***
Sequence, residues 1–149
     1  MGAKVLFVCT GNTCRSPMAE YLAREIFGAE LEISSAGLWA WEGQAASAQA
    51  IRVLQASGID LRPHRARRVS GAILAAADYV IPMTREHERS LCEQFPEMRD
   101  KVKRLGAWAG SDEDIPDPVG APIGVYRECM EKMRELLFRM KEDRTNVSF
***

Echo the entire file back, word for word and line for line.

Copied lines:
Sequence, residues 1–149
     1  MGAKVLFVCT GNTCRSPMAE YLAREIFGAE LEISSAGLWA WEGQAASAQA
    51  IRVLQASGID LRPHRARRVS GAILAAADYV IPMTREHERS LCEQFPEMRD
   101  KVKRLGAWAG SDEDIPDPVG APIGVYRECM EKMRELLFRM KEDRTNVSF